The press release continued by quoting Hillis: “‘This is kind of a spectator sport, so we what we need to do is go after the organizers who plan these events, because 300 to 500 people don’t just happen to show up in a place without a street race. These are organized on social media and get thousands of likes,’ Hillis said, noting the Atlanta Police Department’s intelligence unit can identify the organizers of the events, take action and hopefully stop the events before they even occur.”
Hillis’s original legislation outlawed not only driving in a street race, but also being a race organizer or being a non-driver participant. In the original version, a participant was defined “any individual who is present at an illegal street racing exhibition for the purpose of taking part in the event, by riding in a race vehicle as driver or passenger; assisting or engaging with the organizers and/or drivers in carrying out the event; photographing, filming, recording, and/or broadcasting the event; or who exchanges money or anything of value with any driver, car owner, or other participant in connection with the event.”
Legal speed bumps
The ordinance quickly hit speed bumps. Responding to a CBS46 story about Hillis’s proposal, Grossman took to Twitter to question the constitutionality of banning the recording of public events. And the June 1 City Council meeting, where Hillis appeared to expect a quick approval, happened to come at the height of the George Floyd protests over police brutality and racism.
In that council meeting, Councilmember Joyce Sheperd, chair of the Public Safety and Legal Administration Committee, said the Bottoms administration had asked for the ordinance to return to the committee for further review and research. Sheperd also cited the context of the ongoing protests. Councilmember Howard Shook said the Law Department had expressed concerns about the ordinance.
Hillis grumbled in the meeting about a “coordinated effort” by an unnamed councilmember and the administration to hold up the ordinance, saying there was previously unanimous support and no official concerns. “The blood’s not gonna be on my hands, that’s all I’m gonna say,” he said, referring to the dangers of ongoing street races.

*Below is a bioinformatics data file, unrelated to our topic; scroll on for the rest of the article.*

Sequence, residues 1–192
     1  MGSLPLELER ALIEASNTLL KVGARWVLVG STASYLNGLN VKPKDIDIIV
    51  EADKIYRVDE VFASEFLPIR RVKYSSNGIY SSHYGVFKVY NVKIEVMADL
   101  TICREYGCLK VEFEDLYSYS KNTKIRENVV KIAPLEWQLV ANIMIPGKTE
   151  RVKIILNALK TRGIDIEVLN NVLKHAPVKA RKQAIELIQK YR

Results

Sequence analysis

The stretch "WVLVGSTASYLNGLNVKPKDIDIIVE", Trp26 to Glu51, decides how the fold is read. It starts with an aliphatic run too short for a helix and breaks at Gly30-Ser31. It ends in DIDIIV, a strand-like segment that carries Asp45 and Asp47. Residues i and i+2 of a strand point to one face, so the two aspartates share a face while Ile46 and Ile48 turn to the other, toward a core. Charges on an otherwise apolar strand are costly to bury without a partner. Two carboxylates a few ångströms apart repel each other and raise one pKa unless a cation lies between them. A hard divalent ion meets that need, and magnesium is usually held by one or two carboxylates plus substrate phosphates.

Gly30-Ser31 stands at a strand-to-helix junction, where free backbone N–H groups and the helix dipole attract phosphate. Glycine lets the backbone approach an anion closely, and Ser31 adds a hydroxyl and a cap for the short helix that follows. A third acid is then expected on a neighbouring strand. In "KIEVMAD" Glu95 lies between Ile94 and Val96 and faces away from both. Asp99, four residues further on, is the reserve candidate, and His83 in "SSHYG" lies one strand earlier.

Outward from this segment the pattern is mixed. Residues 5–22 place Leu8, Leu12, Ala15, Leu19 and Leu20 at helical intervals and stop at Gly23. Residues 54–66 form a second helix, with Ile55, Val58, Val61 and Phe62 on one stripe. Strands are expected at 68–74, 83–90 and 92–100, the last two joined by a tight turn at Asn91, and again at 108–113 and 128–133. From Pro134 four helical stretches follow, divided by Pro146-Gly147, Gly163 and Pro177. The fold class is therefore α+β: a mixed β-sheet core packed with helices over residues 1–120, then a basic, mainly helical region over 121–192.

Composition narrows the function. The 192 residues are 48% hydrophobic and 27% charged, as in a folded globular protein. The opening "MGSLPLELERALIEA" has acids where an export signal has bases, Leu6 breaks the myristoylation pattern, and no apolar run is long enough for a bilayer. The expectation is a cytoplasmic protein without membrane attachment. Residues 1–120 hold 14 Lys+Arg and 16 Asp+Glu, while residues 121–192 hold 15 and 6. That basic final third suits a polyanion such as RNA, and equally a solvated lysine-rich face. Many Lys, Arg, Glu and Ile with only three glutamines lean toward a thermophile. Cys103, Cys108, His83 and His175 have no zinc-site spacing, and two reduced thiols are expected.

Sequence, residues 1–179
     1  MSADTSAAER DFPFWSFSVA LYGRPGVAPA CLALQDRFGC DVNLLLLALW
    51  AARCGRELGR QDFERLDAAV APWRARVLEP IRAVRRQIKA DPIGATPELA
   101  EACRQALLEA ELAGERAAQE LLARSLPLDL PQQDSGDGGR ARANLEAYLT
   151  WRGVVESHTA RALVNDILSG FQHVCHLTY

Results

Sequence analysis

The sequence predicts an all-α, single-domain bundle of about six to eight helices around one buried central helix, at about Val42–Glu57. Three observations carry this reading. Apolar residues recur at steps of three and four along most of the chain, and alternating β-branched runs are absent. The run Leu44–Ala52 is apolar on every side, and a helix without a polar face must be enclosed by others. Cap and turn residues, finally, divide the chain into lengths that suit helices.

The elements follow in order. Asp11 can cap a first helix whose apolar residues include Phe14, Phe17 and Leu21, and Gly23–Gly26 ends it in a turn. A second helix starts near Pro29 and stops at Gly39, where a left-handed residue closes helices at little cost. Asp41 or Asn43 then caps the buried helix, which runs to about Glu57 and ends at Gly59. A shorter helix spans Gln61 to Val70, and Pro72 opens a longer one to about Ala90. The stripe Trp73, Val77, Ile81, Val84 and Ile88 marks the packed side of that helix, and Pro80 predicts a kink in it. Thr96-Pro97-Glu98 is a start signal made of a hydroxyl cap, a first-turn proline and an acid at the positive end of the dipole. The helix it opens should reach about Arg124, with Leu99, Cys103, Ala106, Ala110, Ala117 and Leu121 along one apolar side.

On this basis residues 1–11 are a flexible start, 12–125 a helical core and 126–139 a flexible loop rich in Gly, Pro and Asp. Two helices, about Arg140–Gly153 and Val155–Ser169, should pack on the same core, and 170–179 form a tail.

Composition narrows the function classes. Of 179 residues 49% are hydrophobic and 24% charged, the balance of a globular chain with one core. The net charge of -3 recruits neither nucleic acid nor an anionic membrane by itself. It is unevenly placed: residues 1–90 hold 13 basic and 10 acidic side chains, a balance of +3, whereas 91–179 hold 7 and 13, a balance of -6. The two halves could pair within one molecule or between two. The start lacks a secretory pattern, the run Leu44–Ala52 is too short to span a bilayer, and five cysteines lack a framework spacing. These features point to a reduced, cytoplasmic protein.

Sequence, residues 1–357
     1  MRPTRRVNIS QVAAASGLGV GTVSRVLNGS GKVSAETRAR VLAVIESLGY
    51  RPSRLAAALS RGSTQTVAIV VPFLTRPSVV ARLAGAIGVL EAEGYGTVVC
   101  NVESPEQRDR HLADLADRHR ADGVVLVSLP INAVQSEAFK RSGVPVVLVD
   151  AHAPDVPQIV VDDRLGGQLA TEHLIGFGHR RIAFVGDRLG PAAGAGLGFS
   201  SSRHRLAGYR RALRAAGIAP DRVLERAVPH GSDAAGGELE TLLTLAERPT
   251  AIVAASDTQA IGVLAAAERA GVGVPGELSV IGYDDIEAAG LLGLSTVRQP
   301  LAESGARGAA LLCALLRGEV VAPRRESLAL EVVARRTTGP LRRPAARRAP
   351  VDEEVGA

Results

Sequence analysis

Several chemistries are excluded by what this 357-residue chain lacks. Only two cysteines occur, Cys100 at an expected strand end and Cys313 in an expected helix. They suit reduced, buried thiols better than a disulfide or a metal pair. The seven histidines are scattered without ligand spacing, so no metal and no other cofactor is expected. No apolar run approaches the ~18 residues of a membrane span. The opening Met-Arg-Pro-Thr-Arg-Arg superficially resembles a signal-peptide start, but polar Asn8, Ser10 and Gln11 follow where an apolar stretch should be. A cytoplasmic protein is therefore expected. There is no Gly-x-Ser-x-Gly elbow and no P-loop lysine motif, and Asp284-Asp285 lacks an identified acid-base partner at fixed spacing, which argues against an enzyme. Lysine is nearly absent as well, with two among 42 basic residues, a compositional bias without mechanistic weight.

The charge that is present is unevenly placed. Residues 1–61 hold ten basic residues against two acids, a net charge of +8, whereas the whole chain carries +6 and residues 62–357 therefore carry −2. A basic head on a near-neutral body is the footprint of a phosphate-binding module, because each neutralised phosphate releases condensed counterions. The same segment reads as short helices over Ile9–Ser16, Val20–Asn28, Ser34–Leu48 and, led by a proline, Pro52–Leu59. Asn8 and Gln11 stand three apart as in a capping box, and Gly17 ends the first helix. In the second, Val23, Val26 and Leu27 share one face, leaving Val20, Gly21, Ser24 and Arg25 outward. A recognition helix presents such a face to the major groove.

When the ordinance returned to the council for a vote Aug. 3, the language barring photos, videos and broadcasts was gone. Hillis told the council that deletion was due to concerns from the public and councilmembers, and that the revisions were made in consultation with the administration. The “participant” definition was tweaked to emphasize that offenders must be “knowingly” and “actively” joining the race. And a new line appeared: “For the purposes of this section, a person who is a mere bystander, passerby, or observer not aware of the illegal activity shall not be deemed a participant.”
The Law Department had more bad news for Hillis. References to drivers were cut because existing state law already covered them. Another provision requiring that seized race cars be impounded for 30 days or until the driver’s case was adjudicated was likely unlawful, Law Department attorneys told the council. Councilmember Carla Smith pleaded for the clause to remain as “the only tooth in this legislation” and it did, but with additional language that the impounding period can be up to the maximum under state law — which, the city attorneys said, is never 30 days or the period of adjudication.
The language prohibiting the organization of a race remained intact, also with a “knowingly” added. The other main change was setting a minimum fine of $1,000 instead of a lower range, which is limited by state law; the ordinance also allows for up to 6 months in jail.
Civil liberties concerns
Grossman, the civil liberties attorney, says the ordinance doesn’t do anything fundamentally new, because participating in a crime on the books is already illegal under such concepts as conspiracy. However, he said, it is fine for the city to specifically outlaw certain types of non-driver participation in street racing, and he welcomed the specific exemption for unaware bystanders.
But, Grossman added, the ordinance is too vague and unlimited about if and how its definition of “knowingly” and “actively” participating applies to other types of spectators. That is a legal problem, he said, because people have a well-established right to view and record public events in public places, including crimes like street racing. Under U.S. Supreme Court rulings, merely being near a crime cannot itself be a crime, he said.
The legal tactic of going after spectators or viewers of illegal activity to choke off its demand has some precedents, Grossman said, but they are clearer in how they work. For example, viewing child pornography is illegal, but that is typically prosecuted as a case of physical possession. Georgia law prohibits being a spectator at a dog fight, but those are typically secret events on private property where authorities would have no confusion with innocent bystanders.
Applying Atlanta’s street racing ordinance to observers on public sidewalks or their own front yards is more complicated, Grossman said.
One clear point described in the ordinance is that exchanging money to watch the race would be illegal, which Grossman said is fine. What about a bystander who starts rooting for a driver? Grossman said it’s unclear, but his guess is that simply shouting, “Go, blue car! I hope you win!” could be enough to get arrested under the ordinance — and that is probably fine, too.
But what about a concerned resident or a journalist who attends, fully aware the race is illegal, and starts taking photos or videos and spreads the word about it? Even though that is constitutionally protected behavior and the recording ban was removed from the original ordinance, a police officer might well regard such actions as “participating” and make an arrest, Grossman said. And, regardless of the exemption in the legal language, mere bystanders might get scooped up anyway.
“This law doesn’t make that clear enough for the average police officer to know what to do, which is a recipe for trouble,” he said.
Editor’s note: Dan Grossman previously represented this reporter in an unrelated legal case.